• We get through one operation and another is waiting.
  • We pay off one debt and another makes its claim on our life.
  • We get one child healthy and the other gets sick
  • We cross off one item from our “To Do” list and add three others
  • We survive one crisis and another wave of trouble washes over us

I have always wondered why people run in marathons. Most know they have no chance of winning. During the race they encounter cramps, they battle exhaustion, and at time dehydration. They spend months punishing themselves and depriving themselves in preparation for this long exhausting journey. Why? Most tell me that it is because of the joy and satisfaction that comes when you cross that finish line. It is not the winning . . . .it is the surviving and conquering that brings joy.

That description does not inspire me to take up running . . . but it does help me understand what it will be like in Heaven. We run now, for the glory of finishing the course. Paul understood this when he wrote,

I have fought the good fight, I have finished the race, I have kept the faith. Now there is in store for me the crown of righteousness, which the Lord, the righteous Judge, will award to me on that day –and not only to me, but also to all who have longed for his appearing. (2 Timothy 4:7,8)

Paul does not say it had been easy. It was a “fight” . . . but he’s still standing. The thing that kept him going . . .the thing that keeps us going . . .is knowing that someday we will stand before the throne. Then, it will be worth it all. On that day the race will be over . . .we will have crossed the finish line. And as we run the race of life, we need to keep that day in our minds.

Third, We will begin to experience the Life we Never Dared to Imagine

Listen to these sublime words,

he who sits on the throne will spread his tent over them. Never again will they hunger; never again will they thirst. The sun will not beat upon them, nor any scorching heat. For the lamb at the center of the throne will be their Shepherd; he will lead them to springs of living water. And God will wipe every tear from their eyes.

In Revelation 21 we read similar words,

God himself will be with them and be their God. He will wipe every tear from their eyes. There will be no more death or mourning or crying or pain, for the old order of things has passed away. (21:3,4)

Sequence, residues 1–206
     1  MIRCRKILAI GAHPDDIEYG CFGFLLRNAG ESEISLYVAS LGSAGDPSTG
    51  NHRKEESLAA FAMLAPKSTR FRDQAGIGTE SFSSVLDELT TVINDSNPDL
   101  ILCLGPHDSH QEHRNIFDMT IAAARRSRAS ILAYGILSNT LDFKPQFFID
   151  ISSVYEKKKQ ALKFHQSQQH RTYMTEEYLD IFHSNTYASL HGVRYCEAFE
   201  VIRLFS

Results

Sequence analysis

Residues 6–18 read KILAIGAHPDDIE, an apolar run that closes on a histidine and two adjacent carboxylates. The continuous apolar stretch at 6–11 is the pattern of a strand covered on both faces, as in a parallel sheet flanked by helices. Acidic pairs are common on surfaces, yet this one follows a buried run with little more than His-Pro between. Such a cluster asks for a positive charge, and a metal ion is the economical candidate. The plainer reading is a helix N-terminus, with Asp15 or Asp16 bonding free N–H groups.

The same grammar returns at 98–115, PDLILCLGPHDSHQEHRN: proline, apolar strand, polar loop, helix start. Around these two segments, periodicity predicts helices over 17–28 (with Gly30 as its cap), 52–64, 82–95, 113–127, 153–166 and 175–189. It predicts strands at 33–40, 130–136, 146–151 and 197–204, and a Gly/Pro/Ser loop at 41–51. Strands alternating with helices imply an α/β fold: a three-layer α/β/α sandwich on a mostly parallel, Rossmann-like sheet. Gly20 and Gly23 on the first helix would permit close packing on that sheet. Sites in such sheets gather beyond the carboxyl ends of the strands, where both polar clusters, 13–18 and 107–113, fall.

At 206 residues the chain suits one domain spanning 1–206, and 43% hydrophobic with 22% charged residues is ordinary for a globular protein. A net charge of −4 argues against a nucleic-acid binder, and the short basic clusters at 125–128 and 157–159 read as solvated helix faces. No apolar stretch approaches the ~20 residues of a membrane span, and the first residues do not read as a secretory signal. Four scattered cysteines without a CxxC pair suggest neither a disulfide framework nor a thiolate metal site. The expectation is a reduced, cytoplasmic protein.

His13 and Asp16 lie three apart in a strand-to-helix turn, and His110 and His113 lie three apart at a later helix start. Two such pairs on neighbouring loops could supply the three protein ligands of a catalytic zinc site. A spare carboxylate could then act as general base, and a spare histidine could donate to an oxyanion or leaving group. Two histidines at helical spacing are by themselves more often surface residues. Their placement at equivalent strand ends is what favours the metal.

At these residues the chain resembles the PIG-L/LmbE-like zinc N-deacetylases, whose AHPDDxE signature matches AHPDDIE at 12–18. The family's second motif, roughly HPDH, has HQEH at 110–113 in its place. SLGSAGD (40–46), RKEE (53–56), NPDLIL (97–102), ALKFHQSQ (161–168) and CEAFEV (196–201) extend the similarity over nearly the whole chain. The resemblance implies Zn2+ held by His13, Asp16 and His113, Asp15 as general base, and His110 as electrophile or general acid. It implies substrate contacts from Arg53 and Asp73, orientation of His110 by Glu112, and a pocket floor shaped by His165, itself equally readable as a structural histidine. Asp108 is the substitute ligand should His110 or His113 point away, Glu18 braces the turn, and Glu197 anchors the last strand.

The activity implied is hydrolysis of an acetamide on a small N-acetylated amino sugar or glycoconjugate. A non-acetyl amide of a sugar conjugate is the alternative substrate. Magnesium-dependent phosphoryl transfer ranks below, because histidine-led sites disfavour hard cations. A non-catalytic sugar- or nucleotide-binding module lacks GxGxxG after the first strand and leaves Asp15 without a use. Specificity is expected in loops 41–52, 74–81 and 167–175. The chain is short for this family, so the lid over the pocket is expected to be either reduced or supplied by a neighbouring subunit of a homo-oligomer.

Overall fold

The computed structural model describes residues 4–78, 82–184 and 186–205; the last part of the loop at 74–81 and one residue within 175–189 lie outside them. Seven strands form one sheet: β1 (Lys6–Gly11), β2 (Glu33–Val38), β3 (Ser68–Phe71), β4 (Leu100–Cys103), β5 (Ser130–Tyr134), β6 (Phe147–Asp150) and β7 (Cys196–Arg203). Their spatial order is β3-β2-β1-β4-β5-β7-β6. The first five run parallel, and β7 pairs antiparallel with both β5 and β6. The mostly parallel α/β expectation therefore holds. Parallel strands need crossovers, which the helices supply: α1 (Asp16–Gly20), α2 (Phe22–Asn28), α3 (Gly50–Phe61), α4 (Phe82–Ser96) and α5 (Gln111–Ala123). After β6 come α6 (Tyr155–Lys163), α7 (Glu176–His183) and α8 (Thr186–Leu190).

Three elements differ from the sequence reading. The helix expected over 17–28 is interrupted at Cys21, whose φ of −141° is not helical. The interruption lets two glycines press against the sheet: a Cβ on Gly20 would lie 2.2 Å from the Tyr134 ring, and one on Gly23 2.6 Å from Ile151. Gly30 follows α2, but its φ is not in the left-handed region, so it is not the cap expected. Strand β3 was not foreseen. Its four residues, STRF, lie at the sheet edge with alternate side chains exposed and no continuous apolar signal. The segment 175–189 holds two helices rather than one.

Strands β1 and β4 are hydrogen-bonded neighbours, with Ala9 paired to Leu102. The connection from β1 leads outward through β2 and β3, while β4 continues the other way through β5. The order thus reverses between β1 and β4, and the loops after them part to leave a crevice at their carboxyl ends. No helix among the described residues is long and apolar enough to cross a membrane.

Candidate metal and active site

Do you hear what is being said? There is coming a day when,

  • we will no longer hunger or thirst for more (in our belly, stuff in our home, resources at our disposal, prices for our crops, knowledge in our head, depth to our love, an end to our loneliness.) those longings will have been satisfied in Him.
  • we will no longer battle the forces of nature. No more mud, no more tornados, no more sun burn, no more winter storms, no more mosquitos or flies? Nature will yield only joy.
  • we will no longer have reason to cry . . . except for joy. No more sorrow, no more disappointment, no more devastating losses. No more bullies. We will never have to bury someone we love again.
  • we will know forgiveness – not only being set free from punishment . . . I think we will also be set free in our memories. The scars will be healed, the guilt will be silenced, the stain will be gone. O, what a day that will be.
  • there will be no more cancer, no more arthritis, no more flu.
  • there will be no need for glasses, none of the limitations of getting older.
  • no more frustration, disappointment or failure.
  • there will be no more using people to get ahead; no more hurtful words; no hatred.

We haven’t begun to build and exhaustive list. But the point is simple . . . in that coming day we will be granted the life we have always longed for. It is a life we didn’t think possible. But it was God who placed that hunger in our heart. And some day, He will satisfy it.


So what do we do in light of these facts? Who cares? So what? How does this affect me now?

First, we need to ask if this will be our destination. After hearing these great promises may I ask you a direct question? Will you be in the crowd that day? Will you be among those who have washed their robes in the blood of the lamb?

The Bible says this will be a large group, but it will also be an exclusive group.

  • There will be people who knew the right words who will be absent.